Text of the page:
For most people, ADHD is hereditary: we now know that ADHD is about as heritable as height. Although a number of genes have been identified (e.g. the dopamine transporter gene, DAT1, on chromosome 5), we haven't yet identified all of them nor do we know how they work together to "cause" ADHD. Early life events (such as smoking or drinking during pregnancy, very premature birth, toxic lead levels, or even brain injury) can also contribute to about 20% of all ADHD. Interestingly some researchers now think that many of these early life events may be linked to parental ADHD, and so genetics may still contribute to some of that 20%.
We do know, without question, that ADHD is not caused by "bad" parenting or "bad" teachers, nor is it caused by sugar, TV or computer games. Poor diet can make symptoms worse although it will not cause ADHD. There is some evidence to suggest food intolerances may cause ADHD-like symptoms in some people. If verified, this research simply means those few people had similar symptoms to ADHD; it does not mean that they had ADHD, nor that it was caused by their diet.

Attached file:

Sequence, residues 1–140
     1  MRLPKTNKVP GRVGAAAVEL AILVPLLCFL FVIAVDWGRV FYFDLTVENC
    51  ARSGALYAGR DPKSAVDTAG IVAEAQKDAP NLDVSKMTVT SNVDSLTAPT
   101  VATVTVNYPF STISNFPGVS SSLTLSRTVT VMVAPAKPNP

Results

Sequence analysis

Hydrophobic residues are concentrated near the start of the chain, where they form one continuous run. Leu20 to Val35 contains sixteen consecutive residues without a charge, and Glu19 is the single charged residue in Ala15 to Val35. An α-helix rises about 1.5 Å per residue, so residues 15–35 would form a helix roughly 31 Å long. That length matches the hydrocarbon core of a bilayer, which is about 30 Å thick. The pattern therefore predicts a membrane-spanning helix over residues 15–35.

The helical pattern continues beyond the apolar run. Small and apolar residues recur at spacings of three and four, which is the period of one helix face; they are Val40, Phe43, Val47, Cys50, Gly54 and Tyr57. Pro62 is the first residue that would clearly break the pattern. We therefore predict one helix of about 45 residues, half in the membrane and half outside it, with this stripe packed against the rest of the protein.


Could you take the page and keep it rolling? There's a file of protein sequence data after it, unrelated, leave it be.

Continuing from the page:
This is an important point: There are a lot of things that can look like ADHD: dietary problems, sleep issues, anxiety, depression, bipolar disorder, OCD, thyroid problems, lead poisoning, and more. And, of course, ADHD can look like any of those things. This is why clinicians always recommend a thorough assessment by an experienced professional before diagnosing ADHD.
In short, for most people ADHD is genetic. However the genetics are complex and environmental factors — such as diet, parenting, exercise, schooling and use of electronic devices — can all impact how ADHD is expressed, experienced and managed. A thorough assessment considers all these, along with alternate explanations for the symptoms, in order to make a diagnosis and recommend helpful strategies for managing the condition.
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